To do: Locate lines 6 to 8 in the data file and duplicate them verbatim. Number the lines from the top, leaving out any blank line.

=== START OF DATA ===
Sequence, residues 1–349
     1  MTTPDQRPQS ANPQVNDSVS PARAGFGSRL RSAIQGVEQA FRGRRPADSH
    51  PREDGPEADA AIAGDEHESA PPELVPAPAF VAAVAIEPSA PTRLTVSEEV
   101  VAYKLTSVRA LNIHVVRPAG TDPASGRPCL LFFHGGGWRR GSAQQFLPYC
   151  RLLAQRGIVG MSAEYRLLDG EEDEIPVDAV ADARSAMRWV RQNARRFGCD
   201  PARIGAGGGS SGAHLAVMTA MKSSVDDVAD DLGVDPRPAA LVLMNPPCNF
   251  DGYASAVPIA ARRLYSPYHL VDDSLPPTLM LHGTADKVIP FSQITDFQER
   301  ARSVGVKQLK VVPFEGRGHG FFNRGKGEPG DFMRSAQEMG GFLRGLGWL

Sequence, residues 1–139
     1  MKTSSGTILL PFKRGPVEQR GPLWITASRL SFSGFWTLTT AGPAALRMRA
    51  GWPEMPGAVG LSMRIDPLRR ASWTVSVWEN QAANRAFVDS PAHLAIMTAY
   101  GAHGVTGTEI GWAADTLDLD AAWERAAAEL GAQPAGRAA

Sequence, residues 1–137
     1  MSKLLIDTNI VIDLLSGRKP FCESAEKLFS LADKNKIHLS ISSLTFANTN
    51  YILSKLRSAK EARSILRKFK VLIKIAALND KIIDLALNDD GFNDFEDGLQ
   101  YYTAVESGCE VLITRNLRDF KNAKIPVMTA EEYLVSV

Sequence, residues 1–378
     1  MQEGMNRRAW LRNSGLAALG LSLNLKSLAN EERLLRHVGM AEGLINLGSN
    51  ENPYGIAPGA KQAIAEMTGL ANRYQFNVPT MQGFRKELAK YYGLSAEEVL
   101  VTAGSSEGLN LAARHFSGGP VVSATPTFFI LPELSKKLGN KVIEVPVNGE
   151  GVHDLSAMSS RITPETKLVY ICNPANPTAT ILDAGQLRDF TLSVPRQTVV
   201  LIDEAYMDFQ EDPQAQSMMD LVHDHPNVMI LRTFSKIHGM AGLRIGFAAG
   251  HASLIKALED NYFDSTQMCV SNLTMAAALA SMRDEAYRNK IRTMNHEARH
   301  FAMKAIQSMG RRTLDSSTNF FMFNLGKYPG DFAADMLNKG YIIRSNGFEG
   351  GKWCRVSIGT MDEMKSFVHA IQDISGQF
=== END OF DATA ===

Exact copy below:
   201  PARIGAGGGS SGAHLAVMTA MKSSVDDVAD DLGVDPRPAA LVLMNPPCNF
   251  DGYASAVPIA ARRLYSPYHL VDDSLPPTLM LHGTADKVIP FSQITDFQER
   301  ARSVGVKQLK VVPFEGRGHG FFNRGKGEPG DFMRSAQEMG GFLRGLGWL